Leadership: The Mercy of Not Being in Control

Is leadership synonymous with control?

Buddha in meditation, religious concept

The question troubled me over the past week. I encountered a number of people who think leadership is, in large part, the ability to manage – ie, control – outcomes. A leader, the theory goes, leads and in doing so is at the center of all activity, a kind of organizational architect. The leader sets the tone, creates the vision, makes things happen through others.

But what if at the heart of leadership is the willingness to give up control, to put oneself into the flow of energy inside and outside the company and then, like a great jazz musician, dive completely into it to emerge deeply connected and able to pull the organization, or the market, toward a new end?

In November 2011, jazz vibraphonist Stefon Harris brought his ensemble to TED Salon NY2011. His talk – “There Are No Mistakes On the Bandstand” – puts the question of leadership to the test, through the lens of jazz.

Harris notes that in jazz, micromanaging limits (artistic) possibilities. Holding too tightly to control, as Harris illustrates on stage, forces your fellow team members to retreat, mistrust their own instincts and ultimately create a limited product.

If control doesn’t work, how can a leader lead? Harris’ method is to “…be patient, listen and pull from what is going on around me. When you do that, you engage and inspire the other musicians and they give you more and gradually it builds.”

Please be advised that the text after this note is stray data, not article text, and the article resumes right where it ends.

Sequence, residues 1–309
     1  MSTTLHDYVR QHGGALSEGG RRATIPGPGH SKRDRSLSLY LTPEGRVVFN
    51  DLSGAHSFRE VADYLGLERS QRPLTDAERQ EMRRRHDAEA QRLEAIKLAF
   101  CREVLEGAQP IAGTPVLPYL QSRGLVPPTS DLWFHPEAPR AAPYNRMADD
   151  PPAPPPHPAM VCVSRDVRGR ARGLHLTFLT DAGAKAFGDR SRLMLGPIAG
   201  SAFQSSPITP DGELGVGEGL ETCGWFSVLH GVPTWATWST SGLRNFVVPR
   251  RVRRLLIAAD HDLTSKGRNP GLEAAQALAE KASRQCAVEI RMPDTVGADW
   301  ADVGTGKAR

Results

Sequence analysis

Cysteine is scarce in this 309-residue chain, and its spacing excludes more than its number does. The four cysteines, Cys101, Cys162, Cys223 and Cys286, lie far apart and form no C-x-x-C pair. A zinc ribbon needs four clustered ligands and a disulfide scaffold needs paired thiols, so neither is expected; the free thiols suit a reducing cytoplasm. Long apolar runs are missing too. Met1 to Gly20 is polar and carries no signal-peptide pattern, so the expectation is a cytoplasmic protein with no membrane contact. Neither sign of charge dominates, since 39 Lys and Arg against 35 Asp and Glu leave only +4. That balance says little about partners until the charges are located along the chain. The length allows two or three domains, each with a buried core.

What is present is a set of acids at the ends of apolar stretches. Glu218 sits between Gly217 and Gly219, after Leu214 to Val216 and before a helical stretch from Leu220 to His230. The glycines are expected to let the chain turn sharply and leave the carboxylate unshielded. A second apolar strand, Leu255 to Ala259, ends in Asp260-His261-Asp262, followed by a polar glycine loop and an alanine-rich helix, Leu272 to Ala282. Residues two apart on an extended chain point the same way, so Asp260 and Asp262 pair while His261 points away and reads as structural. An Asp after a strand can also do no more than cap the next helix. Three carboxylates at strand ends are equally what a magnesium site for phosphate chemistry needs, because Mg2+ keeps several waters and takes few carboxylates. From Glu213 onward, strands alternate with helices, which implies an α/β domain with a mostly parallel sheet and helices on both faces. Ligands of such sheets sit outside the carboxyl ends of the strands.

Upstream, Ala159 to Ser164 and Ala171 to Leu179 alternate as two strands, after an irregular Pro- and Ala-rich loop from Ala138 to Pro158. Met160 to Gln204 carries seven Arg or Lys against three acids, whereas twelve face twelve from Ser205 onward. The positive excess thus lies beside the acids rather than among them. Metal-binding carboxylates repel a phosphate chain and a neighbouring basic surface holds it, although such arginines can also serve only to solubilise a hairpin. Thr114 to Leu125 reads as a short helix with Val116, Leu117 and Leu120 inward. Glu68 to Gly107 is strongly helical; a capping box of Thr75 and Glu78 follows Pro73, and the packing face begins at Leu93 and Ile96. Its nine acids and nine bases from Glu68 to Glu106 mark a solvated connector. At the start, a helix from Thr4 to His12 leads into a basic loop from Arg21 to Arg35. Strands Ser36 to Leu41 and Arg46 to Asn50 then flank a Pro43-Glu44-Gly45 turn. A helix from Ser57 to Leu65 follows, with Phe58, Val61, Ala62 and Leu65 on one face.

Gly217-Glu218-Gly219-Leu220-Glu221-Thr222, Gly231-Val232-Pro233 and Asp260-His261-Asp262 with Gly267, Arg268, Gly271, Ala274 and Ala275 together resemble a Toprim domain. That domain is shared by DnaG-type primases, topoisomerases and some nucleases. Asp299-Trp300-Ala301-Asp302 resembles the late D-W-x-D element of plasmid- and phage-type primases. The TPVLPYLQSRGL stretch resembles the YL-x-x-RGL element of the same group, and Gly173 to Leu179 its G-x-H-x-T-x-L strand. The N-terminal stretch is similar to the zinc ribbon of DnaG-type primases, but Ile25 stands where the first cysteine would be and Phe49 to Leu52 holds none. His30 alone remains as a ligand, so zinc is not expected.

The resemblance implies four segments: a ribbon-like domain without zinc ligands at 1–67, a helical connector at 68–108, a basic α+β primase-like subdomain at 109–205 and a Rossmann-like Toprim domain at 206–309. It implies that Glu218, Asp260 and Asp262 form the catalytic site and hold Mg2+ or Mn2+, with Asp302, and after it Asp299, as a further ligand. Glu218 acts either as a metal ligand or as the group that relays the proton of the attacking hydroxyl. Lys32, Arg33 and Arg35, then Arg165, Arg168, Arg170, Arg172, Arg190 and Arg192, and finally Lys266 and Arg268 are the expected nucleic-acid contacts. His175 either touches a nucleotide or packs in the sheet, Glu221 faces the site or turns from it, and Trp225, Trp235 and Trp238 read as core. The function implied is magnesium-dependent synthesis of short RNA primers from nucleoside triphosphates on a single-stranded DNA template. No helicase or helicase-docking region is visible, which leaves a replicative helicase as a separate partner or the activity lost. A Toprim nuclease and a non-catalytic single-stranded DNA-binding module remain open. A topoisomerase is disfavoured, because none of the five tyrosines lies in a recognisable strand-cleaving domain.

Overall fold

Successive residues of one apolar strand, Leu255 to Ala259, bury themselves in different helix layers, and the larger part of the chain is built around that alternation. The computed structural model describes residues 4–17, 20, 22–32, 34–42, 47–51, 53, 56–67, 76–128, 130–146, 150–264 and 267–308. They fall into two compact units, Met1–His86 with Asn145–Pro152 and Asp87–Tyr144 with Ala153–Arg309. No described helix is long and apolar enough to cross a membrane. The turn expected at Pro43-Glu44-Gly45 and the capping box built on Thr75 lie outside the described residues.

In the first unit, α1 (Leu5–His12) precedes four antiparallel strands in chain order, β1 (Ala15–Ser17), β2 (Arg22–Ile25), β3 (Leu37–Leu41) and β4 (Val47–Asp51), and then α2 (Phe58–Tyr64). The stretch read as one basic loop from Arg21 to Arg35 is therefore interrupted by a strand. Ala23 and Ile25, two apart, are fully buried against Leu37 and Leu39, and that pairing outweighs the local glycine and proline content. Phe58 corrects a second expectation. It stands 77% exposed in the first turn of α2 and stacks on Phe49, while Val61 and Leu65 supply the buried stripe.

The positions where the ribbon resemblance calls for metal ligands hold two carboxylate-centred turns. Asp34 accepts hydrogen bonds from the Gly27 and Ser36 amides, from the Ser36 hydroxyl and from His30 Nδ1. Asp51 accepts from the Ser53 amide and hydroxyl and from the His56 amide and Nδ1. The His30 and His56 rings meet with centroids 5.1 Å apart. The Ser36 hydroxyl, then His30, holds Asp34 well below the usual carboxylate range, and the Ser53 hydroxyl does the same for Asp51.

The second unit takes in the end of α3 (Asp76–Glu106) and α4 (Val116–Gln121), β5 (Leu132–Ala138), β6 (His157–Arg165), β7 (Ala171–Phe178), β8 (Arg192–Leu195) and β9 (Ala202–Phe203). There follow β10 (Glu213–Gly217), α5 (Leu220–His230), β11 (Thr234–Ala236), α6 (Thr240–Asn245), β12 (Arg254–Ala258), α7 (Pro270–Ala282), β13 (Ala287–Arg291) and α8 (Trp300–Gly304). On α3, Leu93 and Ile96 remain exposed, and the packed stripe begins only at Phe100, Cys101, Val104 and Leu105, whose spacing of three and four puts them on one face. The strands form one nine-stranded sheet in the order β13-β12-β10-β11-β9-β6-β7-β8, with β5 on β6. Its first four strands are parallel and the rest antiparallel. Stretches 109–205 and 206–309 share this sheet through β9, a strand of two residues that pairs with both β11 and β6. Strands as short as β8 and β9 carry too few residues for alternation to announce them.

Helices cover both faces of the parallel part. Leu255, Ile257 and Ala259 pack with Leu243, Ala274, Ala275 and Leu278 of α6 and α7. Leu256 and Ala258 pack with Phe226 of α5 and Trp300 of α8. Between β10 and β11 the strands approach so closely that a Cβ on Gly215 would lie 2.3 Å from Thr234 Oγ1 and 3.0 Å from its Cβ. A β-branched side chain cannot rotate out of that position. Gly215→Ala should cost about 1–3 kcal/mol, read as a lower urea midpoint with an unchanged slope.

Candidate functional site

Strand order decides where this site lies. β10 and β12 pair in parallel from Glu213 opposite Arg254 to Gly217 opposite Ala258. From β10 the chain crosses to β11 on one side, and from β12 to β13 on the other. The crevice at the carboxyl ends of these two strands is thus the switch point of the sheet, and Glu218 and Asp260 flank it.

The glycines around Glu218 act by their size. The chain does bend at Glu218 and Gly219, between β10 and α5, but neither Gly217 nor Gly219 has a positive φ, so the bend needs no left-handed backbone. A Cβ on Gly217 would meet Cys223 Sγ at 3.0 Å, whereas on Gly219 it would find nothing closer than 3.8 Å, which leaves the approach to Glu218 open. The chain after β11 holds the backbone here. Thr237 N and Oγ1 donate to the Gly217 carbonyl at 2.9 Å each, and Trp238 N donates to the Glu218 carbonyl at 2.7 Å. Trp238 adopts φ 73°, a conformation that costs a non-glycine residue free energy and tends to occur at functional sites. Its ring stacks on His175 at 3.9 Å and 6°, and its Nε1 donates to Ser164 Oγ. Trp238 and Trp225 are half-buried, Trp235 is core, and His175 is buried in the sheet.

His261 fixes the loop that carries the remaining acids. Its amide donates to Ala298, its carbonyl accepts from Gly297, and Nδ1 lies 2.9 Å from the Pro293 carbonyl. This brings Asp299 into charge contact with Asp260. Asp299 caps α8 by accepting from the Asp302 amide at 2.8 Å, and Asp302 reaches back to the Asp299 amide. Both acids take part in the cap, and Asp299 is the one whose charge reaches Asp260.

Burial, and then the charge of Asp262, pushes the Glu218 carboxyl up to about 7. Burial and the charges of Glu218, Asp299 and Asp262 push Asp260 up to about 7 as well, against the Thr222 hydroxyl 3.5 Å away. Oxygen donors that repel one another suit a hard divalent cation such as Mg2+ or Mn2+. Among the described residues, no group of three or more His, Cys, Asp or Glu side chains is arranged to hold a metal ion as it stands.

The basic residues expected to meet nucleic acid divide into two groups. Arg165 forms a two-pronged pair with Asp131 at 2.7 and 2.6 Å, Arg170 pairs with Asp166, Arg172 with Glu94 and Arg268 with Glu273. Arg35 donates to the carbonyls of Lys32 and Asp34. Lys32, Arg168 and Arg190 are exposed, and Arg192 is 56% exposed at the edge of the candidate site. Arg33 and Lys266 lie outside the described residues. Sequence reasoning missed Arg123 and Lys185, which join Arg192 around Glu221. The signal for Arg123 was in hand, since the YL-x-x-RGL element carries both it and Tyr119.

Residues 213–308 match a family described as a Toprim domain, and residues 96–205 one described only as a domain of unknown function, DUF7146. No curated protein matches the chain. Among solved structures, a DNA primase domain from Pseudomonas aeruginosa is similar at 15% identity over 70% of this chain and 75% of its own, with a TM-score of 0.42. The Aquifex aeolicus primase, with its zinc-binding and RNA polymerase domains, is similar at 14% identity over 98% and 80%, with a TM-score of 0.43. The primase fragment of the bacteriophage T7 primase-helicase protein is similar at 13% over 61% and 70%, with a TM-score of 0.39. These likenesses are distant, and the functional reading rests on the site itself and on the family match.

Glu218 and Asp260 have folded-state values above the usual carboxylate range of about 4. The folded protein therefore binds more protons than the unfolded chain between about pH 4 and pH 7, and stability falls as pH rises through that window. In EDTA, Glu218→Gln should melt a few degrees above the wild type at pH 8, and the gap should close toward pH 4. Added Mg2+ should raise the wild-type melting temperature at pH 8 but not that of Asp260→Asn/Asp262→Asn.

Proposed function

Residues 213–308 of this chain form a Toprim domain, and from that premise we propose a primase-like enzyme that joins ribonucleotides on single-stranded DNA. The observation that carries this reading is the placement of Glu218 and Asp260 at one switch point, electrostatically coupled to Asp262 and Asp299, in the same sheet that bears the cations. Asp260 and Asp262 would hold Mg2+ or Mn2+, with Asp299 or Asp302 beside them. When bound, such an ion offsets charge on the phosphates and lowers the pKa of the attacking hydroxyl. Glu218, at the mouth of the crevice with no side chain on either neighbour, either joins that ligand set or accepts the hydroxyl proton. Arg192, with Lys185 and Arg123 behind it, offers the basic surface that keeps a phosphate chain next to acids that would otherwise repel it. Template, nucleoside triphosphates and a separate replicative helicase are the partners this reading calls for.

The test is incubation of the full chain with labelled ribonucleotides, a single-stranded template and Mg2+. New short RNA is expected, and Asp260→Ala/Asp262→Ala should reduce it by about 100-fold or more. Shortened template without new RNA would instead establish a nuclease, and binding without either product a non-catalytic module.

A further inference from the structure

They give you more and gradually it builds. Simple, skillful and well suited for any enterprise that requires full engagement of skills and abilities. Harris’ example is servant leadership at its highest level. So why does it seem such an approach is incredibly rare?

Perhaps it lies in the day-to-day confusion over what makes a leader vs. a manager.

As Steve Nguyen, PhD, points out in Workplace Psychology, although the two practices overlap, in many ways they are fundamentally different. Managers are concerned with executing orders, making each day as smooth and predictable as the last. Leaders articulate a collective vision, forge a path, move forward. Now, imagine replacing the center stage aspects of traditional leadership with the servant leader example of a jazz ensemble. It’s easy to picture the servant leader moving in, about and around with ease, ever ready to find the right moment to pull forward or recede to listen to the collective wisdom of the whole, be it organization, market or society.

Three and a half years after the death of Steve Jobs, his imprint as a leader remains deeply embedded in the business psyche. Hard to please, driven, mercurial and stone-cold focused, his implacability is well-known. But he also had the ability to move, on occasion, out of the sun to tap into what was around him. He was, after all, a long-standing practitioner of Zen Buddhism. Additionally, he’s attributed with having posted Miles Davis’ seminal jazz masterpiece Kind of Blue as one of his favorite albums in a defunct iTunes page called Ping Profile. The album opens with the incomparable “So What” track, all interplay of musician and tone and rhythm. A track about listening and pulling from what is going on, a track that itself is a meditation on leadership.

So I return again to the question “Is leadership synonymous with control?” I find myself clearly answering “No, it is not.”  Leadership requires the courage to exert strong influence and control, as needed, but it is not itself an exercise in control. Rather, smart, effective leadership is all about knowing when to step forward, when to pull back and when to take the knowledge gained to help create something new. It’s simply a kind of jazz, man.





One Comment

  1. Maria Dax June 21, 2015 Reply

    I agree fully.

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